Kosher Cooking School

 

A Thanksgiving Kishke

 

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There’s a romantic relationship we seem to have with food, even the simplest food. Kishke, the simple stuffed gut is an Eastern European dish that I assume came from the poverty stricken communities in Eastern Europe.

When it comes to tying traditions together, like Thanksgiving and Chanukah, we turn to that romance and come up with recipes and a menu that combines the best of both worlds and a Thanksgiving Kishke is simply delicious. I’d never suggest skipping an actual stuffing at the Thanksgiving table, but if you’re making Friday night dinner the next day, this might be a good way to go. It’s oh-so-simple and you can either bake it in the oven or slow cook it in a soup or stew.


 

How To Make Kosher Paella Without a Paella Pan

 

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Paella is one hearty dish! Typically filled to the paella-pan brim with rice, chicken, seafood, spices, vegetables and more. There is no minimum and no maximum to how many ingredients are combined to make a Paella. Since I keep kosher, my paella was a little more tamed. Seafood- outta the dish! In place of the “shrimp” I used incredible sausage. By sautéing the sausage first, my Paella base of flavor was born. Salty, briny and meaty sausage flavor; I’m a fan of that!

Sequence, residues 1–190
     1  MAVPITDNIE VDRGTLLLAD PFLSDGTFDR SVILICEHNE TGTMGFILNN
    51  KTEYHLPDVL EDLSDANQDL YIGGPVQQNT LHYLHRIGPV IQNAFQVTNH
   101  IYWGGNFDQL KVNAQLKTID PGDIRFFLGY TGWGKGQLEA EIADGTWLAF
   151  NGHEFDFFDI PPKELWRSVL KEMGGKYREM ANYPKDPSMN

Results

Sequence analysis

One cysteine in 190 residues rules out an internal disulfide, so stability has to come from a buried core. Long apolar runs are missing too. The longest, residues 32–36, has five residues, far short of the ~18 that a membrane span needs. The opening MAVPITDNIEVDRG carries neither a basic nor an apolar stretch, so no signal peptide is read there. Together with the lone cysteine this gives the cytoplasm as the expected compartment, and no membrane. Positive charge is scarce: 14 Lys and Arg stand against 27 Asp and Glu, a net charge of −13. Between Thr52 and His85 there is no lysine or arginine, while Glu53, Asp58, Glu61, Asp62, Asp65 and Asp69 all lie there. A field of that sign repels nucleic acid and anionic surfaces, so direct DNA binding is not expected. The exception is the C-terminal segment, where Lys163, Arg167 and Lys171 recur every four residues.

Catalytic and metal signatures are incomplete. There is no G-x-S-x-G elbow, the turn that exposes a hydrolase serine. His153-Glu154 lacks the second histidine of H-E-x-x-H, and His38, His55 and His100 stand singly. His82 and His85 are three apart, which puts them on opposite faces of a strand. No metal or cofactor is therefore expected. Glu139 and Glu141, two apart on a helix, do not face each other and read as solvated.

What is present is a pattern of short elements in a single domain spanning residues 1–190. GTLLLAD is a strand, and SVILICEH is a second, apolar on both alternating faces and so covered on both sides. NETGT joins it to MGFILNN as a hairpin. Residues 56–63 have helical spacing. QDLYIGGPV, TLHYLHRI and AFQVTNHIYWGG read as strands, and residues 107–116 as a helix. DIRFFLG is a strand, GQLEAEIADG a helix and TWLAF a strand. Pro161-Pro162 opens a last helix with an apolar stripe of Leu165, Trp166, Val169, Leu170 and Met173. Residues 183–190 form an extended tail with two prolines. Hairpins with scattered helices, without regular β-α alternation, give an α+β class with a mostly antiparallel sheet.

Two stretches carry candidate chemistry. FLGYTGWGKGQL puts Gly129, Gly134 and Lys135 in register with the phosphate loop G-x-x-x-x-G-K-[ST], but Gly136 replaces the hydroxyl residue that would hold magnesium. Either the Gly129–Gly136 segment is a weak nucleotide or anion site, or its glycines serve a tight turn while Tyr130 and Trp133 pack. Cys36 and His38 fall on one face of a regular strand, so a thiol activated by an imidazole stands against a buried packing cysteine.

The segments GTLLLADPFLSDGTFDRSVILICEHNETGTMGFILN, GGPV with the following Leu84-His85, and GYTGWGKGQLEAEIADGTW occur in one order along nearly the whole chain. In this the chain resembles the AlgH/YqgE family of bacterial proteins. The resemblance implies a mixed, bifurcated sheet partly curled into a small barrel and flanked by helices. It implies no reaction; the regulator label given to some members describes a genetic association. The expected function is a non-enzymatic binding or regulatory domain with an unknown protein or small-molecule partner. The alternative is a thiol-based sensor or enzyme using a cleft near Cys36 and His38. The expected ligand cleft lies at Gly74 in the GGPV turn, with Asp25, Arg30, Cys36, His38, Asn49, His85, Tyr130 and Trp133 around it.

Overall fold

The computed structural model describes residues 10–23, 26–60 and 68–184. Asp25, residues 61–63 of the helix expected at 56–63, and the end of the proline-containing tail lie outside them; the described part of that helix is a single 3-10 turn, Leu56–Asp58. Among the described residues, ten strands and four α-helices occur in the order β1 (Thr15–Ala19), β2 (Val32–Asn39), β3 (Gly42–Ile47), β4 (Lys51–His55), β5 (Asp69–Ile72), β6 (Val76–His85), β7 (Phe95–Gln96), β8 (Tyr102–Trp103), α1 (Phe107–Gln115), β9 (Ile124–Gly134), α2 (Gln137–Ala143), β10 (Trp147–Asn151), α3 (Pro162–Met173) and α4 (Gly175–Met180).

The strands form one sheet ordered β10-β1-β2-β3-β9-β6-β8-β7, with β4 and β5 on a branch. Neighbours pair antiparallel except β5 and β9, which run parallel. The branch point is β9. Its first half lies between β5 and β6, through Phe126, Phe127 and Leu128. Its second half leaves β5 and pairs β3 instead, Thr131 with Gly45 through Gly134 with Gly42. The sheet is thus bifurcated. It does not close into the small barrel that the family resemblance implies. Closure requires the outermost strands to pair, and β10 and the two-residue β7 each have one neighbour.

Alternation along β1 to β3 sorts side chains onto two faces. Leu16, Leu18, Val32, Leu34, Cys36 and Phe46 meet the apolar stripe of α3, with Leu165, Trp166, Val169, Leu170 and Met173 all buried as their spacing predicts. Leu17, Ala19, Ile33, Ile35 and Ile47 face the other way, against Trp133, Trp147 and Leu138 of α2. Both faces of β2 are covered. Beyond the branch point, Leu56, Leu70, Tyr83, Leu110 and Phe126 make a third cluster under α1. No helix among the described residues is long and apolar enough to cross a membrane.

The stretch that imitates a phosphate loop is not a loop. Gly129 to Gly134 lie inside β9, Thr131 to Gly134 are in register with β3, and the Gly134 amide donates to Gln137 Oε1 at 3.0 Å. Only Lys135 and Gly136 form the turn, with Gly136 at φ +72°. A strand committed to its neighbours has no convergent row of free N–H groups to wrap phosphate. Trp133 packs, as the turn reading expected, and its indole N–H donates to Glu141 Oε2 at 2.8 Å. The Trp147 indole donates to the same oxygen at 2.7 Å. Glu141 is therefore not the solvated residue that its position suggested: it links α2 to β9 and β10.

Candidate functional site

Before I continue with the plethora of aromatic ingredients, let me begin by how to cook a paella. Sadly, I do not own a paella pan. I even asked for an extension to write this article so I could buy cute mini paella pans for individually served dishes. Tamar, the wonderful editor at Joy Of Kosher told me “You don’t need to buy a paella pan… how many people will have this in their kitchen’s already? Just use a wok, or a deep frying pan.” Thanks to Tamar, I saved some money, and realized that my good ol’ giant meat frying pan would do the job.


 

How To Cook and Eat an Artichoke

 

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Growing up in the 70’s, my mom always tried new dishes, from, sweet breads, tongue, calf’s heart, caviar, and liver. My family had a sophisticated palate. I on the other hand would complain if I tasted pepper. Although, my taste buds were not as sophisticated as the rest of my family, I was pretty sure I was exposed to a cultivated selection of food choice.

I was wrong!


 

Use Your Leftover Brisket For New Meals

 

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I hate wasting food. I hate throwing out leftovers. It’s a hangover from my upbringing. I can still hear my parents’ voice in my head, telling me about the poor starving children in Europe.